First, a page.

• Stress Testing- 2-4 minutes of reading or speaking is given and an assessment of deterioration is done over time
  • Motor speech planning or programming is done.
  • To observe sustained vowel prolongation in order to assess adequate pulmonary and laryngeal support
  • Judging the speed and regularity of jaw, lip, and tongue movement
  • Assessment of Prosody
  • Assessment of speech intelligibility
  • Assessment of Comprehension and Efficiency of Speech
Wasted and weak tongue, weak voice nasal emission of air, dysphonia, poor or absent palatal deviation, absent gag and jaw jerk reflex
Non-wasted tongue, poor tongue movements, slurred speech, poor palatal elevation, brisk gag reflex, brisk jaw reflex
Scanning speech, irregular articulation, and poor voice volume and breathing control
Hypophonia, monopitch voice, slurring and fast rate speech
Poor coordination with breathing, harsh, superimposed bulbar involuntary movements, poorly modulated.
Combination of flaccid and spastic dysarthria symptoms
Lower Motor Neuron Lesion
Upper motor Neuron Lesion
Cerebellum/Outflow pathways lesion
Sustantia Nigra Lesion
Caudate/Putamen Lesion
Both upper and lower motor neuron Lesion
Flaccid Dysarthria
Spastic Dysarthria
Ataxic Dysarthria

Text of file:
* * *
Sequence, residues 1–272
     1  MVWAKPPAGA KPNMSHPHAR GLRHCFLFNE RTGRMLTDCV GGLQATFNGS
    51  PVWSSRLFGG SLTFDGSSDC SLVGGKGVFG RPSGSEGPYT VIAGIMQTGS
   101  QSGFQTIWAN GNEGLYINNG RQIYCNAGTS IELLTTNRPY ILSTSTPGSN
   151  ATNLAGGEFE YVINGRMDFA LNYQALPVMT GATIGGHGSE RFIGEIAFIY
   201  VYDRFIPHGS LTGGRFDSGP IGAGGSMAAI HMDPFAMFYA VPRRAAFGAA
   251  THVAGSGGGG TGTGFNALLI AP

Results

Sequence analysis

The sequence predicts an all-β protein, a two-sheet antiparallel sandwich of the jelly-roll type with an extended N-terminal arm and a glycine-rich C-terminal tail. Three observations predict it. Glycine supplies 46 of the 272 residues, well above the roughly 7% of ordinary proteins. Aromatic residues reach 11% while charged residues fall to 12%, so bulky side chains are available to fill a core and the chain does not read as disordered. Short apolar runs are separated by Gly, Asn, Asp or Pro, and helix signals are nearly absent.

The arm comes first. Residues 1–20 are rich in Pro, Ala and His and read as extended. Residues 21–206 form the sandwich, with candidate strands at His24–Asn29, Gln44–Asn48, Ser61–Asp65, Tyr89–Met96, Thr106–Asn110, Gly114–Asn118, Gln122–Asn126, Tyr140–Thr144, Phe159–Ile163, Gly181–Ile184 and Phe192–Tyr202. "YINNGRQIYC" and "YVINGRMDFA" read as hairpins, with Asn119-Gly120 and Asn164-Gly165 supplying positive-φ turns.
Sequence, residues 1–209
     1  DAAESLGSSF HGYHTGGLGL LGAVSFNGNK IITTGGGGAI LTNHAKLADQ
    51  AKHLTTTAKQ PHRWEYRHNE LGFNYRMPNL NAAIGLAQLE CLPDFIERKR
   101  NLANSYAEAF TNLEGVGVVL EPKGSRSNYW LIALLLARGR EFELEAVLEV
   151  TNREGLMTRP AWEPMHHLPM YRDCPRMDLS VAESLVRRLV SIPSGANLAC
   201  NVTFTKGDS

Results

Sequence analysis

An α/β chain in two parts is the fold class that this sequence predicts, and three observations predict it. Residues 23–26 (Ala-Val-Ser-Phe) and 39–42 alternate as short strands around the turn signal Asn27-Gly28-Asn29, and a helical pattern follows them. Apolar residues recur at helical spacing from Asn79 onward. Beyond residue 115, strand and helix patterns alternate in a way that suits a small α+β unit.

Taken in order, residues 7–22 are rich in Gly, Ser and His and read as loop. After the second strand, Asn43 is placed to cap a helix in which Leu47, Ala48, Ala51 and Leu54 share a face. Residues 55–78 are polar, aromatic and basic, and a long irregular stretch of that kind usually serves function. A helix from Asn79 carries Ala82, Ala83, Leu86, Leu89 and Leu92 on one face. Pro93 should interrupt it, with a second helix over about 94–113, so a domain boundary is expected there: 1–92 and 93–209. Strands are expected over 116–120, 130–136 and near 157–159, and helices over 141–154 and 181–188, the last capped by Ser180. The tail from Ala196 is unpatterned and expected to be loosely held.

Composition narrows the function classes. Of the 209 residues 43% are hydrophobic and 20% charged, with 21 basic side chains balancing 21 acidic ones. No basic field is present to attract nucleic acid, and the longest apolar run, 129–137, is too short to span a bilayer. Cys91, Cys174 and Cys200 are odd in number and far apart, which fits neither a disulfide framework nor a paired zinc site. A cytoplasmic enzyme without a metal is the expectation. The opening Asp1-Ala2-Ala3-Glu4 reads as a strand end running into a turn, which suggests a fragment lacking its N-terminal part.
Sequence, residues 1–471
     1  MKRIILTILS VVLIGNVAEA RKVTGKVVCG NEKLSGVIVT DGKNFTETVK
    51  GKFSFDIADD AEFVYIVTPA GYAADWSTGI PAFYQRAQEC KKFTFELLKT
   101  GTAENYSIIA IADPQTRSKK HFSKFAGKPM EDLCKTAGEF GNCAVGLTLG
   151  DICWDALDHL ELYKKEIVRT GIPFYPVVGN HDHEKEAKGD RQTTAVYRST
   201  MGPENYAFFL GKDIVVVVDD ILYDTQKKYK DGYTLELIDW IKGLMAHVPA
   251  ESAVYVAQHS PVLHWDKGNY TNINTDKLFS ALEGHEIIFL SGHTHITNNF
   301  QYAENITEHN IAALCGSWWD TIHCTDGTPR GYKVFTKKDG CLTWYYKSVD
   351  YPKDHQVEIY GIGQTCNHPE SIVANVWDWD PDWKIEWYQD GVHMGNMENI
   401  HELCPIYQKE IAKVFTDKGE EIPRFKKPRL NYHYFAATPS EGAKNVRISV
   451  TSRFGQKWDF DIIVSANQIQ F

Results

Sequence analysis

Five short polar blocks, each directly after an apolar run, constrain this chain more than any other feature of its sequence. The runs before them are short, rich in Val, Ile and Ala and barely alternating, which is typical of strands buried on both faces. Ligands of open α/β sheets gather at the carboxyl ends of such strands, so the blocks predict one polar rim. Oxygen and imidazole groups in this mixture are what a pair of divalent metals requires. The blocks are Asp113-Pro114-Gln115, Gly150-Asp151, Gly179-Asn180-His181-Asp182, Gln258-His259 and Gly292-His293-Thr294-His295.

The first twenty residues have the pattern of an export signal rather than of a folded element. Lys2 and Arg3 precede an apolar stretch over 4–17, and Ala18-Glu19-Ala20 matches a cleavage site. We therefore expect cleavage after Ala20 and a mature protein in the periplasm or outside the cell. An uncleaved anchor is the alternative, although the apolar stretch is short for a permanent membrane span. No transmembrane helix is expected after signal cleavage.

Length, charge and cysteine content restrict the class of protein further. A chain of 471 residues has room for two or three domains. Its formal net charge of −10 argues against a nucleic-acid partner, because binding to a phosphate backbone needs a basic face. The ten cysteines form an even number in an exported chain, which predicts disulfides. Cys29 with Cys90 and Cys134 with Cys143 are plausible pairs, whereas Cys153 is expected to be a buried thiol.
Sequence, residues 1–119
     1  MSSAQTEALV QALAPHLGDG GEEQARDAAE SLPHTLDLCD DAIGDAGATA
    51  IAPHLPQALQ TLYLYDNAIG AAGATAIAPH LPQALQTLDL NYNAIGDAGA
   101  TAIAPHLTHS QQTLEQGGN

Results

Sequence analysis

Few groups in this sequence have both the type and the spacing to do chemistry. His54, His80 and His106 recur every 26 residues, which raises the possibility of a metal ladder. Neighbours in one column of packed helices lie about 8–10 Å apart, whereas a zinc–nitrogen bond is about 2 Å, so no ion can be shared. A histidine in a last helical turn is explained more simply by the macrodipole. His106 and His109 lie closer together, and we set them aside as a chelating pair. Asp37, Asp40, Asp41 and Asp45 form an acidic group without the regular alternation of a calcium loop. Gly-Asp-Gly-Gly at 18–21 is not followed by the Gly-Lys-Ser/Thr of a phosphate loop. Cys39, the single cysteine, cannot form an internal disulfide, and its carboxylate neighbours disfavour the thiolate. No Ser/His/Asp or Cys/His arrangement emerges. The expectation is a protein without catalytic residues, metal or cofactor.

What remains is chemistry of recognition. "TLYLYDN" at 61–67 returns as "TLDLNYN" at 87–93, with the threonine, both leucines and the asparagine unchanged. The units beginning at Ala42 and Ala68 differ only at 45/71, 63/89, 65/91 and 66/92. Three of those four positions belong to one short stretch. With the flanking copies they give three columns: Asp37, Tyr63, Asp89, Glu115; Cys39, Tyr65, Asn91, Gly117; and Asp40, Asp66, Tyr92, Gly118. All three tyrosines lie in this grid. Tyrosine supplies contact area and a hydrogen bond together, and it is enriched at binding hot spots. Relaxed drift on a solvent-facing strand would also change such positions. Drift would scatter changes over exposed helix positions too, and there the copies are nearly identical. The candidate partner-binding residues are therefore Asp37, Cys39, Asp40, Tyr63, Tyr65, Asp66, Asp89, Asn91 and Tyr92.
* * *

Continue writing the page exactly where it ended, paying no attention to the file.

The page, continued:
Mixed Flaccid-Spastic Lesion


Shown below is an algorithm summarizing the treatment of dysarthria or slurred speech according the the The American Speech-Language-Hearing Association (ASHA) guidelines. [3]
Treatment of Dysarthria/Slurred Speech
Treatment is based on etiology and type of dysarthria
General Recommendations include

Implementation of Speech Viewer III


  • Communication strategies should employed by the patient with dysarthria.[3]
  • Eye contact should be maintained with the communication partner.
  • Repair strategies such as restating message in different words and using gestures to help convey messages should be used.
  • Environmental modification such as reducing background noise and ensuring that good lighting is present.
  • Face to face seating for conversations should be employed.


  • Don't speak too fast. Speak slowly so that listeners may understand you better.[7]
  • Don't go for long topics. Ask the patient to start small and introduce the topic of conversation with one word or short phrase.
  • Fatigue can make it difficult for patients to speak clearly.
  • Background noise should be reduced.


  1. Enderby, Pam (2013). "Disorders of communication". Neurological Rehabilitation. Elsevier. pp. 273–281. doi:10.1016/b978-0-444-52901-5.00022-8. ISBN 978-0-444-52901-5. ISSN 0072-9752.
  2. Ozsancak, C; Auzou, P (2003). "[Dysarthria?]". Revue neurologique (in français). 159 (4): 466–9. ISSN 0035-3787. PMID 12773881.
  3. 3.0 3.1 3.2 "Dysarthria". American Speech-Language-Hearing Association. Retrieved 2020-11-30.
  4. "Dysarthria". PubMed Health.
  5. e National Collaborating Centre for Chronic Conditions, ed. (2006). "Other key interventions". Parkinson's Disease. London: Royal College of Physicians. pp. 135–146.
  6. de Swart, B. J.M.; Willemse, S. C.; Maassen, B.A.M.; Horstink, M. W.I.M. (2003). "Improvement of voicing in patients with Parkinson's disease by speech therapy". Neurology. 60 (3): 498–500. doi:10.1212/01.WNL.0000044480.95458.56. ISSN 0028-3878.
  7. "Dysarthria (difficulty speaking)". 2019-11-10. Retrieved 2020-11-30.